Introduction: Kid's Wall Hanging From a Fabric Remnant

About: I love using every little scrap of leftover fabric. Scrap Fabric Love is a blog with tutorials and ideas for using up all your offcuts, crumbs, trimmings and scraps to make lovely things for yourself or to gi…

This easy and quick sewing project is all about making a kid's wall hanging from a fabric remnant or a fabric panel.


Fabric Remnant or Panel to the desired size.

Fusible Fleece or other batting

Backing Fabric same size as front panel.

Coordinating Fabric Scrap/strip the same length as the front panel


Long Stick or Dowel

Step 1: Square Up Your Fabric Remnant

The panel I bought had been cut out of something larger – not sure if it was a bed sheet or just a fabric with a really huge repeat but anyway the edges weren’t totally straight so I needed to square it up before I got started.

My panel ended up being 29″ x 49″ before it was sewn. My final hanging ended up at 27″ x 53″ (including the hanging loop but not including the twine).

Step 2: Create the Hanging Loop

I used another fabric remnant I’d bought in a scrap bag what was long and thin and cut it down to 29″ wide (same as my fabric panel) and 7″ high.

Next I folded each of the short ends in twice (towards the wrong side). So I folded it over 1/2″, pressed and then folded another 1/2″.

Then I sewed the folds in place.

This step is pretty much the same as if you were making a drawstring casing for a bag just a bit bigger. Once my end folds were secure I folded the whole piece of fabric in half with wrong sides together and pressed.

Step 3: Add Fusible Fleece or Other Batting

I used double sided fusible fleece as the batting for my wall hanging.

I ironed the fleece to the back side of the front fabric panel and then after sewing I ironed it from the back to fuse the back fabric down (the photo above is just me cutting the fleece to size so ignore the fact that the fabric is right side down!).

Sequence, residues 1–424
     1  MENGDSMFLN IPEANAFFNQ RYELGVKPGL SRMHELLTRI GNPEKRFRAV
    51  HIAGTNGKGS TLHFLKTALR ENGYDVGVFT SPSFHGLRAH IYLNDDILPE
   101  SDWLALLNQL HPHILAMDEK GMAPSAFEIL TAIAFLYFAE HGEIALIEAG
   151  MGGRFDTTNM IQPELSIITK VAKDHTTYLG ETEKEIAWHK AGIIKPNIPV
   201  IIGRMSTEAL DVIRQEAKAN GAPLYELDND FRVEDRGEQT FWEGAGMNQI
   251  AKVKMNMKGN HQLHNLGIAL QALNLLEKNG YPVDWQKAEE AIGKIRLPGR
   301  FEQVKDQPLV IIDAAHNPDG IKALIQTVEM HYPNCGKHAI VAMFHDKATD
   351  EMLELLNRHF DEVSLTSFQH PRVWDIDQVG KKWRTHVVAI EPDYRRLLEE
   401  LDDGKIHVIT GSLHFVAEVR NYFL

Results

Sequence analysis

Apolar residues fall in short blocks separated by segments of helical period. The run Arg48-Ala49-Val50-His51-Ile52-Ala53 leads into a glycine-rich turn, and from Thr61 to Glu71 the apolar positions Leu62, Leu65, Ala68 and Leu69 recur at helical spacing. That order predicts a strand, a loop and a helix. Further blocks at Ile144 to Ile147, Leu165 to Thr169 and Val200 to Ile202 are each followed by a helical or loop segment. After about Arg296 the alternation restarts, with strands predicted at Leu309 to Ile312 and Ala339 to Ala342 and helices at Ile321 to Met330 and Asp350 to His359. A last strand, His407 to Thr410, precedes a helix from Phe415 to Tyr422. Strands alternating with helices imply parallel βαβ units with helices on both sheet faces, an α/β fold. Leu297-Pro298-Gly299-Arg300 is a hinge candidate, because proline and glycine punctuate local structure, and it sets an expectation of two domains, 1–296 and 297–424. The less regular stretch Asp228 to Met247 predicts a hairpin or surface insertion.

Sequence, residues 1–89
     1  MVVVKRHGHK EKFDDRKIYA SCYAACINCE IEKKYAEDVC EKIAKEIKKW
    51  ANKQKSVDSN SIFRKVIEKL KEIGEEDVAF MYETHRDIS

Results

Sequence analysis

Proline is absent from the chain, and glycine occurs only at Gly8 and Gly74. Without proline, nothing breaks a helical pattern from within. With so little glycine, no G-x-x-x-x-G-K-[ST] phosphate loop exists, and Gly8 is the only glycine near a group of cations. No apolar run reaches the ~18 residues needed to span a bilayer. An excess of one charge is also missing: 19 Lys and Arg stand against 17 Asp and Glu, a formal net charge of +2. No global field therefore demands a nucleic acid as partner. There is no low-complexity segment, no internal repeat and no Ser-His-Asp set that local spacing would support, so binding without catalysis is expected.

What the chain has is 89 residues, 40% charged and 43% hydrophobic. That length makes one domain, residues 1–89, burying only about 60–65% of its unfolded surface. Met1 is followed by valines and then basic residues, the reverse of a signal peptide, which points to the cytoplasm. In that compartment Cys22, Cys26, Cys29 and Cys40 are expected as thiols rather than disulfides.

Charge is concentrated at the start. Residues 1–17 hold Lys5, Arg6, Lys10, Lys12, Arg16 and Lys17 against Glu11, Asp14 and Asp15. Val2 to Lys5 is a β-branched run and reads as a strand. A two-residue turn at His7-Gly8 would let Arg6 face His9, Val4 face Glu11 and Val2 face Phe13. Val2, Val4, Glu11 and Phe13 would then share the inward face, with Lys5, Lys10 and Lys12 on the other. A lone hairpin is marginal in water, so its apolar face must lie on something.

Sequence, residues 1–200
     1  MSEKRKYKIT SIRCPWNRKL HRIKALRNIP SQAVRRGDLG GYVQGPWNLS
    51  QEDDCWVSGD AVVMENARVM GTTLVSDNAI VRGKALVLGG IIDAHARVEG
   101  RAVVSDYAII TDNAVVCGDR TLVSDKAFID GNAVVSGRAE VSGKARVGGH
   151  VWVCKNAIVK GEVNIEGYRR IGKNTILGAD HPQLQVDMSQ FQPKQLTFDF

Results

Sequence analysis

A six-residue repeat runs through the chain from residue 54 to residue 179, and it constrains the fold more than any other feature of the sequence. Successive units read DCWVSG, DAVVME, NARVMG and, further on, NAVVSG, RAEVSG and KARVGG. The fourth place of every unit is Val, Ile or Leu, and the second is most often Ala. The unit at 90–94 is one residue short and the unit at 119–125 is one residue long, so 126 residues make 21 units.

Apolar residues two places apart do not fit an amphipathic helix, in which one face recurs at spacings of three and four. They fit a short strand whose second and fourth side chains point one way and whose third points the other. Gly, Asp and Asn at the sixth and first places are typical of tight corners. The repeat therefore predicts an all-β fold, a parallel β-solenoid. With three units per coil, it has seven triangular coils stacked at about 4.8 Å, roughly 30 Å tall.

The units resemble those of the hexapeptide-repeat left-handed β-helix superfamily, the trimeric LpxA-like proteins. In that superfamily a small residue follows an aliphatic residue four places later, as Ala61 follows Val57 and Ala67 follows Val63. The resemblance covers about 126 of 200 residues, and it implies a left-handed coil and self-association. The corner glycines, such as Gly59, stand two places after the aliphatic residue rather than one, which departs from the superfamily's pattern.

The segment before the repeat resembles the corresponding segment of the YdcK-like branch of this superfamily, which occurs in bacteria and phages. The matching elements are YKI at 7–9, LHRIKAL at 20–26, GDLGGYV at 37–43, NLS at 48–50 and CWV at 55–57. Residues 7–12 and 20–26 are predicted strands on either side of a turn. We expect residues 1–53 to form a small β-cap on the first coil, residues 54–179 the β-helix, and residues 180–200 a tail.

You don’t need to use fusible fleece, any batting will do – even an old towel as long as it isn’t a darker colour than your front panel.

If you aren’t using a fusible you’ll need to baste your batting in place with pins or spray.

I got some strange puckering on the front of my panel which I think is from the fusible so I’m not sure I would use it again for something where you are staring straight at all the puckers on a white background!

Step 4: Sew It All Up!

I placed my hanging loop along the top of my fabric panel with the raw edges meeting and then pinned the backing fabric down on top (right sides to right sides).

So the hanging loop is inside your fabric sandwich with the folded edge towards the middle (again just like sewing a drawstring casing into a bag).

I sewed all the way around the edge of my panel with a 1/4″ seam allowance and left myself a fairly big 9″ hole at the bottom for turning.

Step 5: Top Stitch & 'Quilt'

After trimming the seams at the corners I turned my panel right sides out and used a chopstick to poke the corners and make sure they got turned out properly.

I flipped the raw edges from the turning hole in and pinned in place and then I ironed the panel from the back to secure the fusible fleece to the backing fabric paying special attention to the corners.

Finally I topstitched using a generous 1/8″ to finish the front and close the turning hole.

I also top stitched or ‘quilted’ an outline around the bus and inside the windows and doors just to finish it off.

You could go to town with quilting something like this or leave it as it is. A bit of an artistic choice depending on what the image on your panel is.

Step 6: Add the Hanging

I used a long stick from my garden – about 2-4″ longer than my panel and fed it through the hanging loop. You could buy a dowel instead if you can’t find a stick the right length.

I then braided together 3 lengths of twine and made a loop at either end for the stick to rest in.
Then I just hung it on a nail on the wall.

Step 7: Finished Wall Hanging

Easy peasy and I think it looks pretty cool.

The only downside for me is my older son had a bit of a tantrum when he realised it was for his younger brother and not for him – “But I like buses!” were his exact words….so I might be shopping for some more bus fabric remnants in the near future!

If you want more fun ideas for your fabric scraps and remnants visit Scrap Fabric Love!

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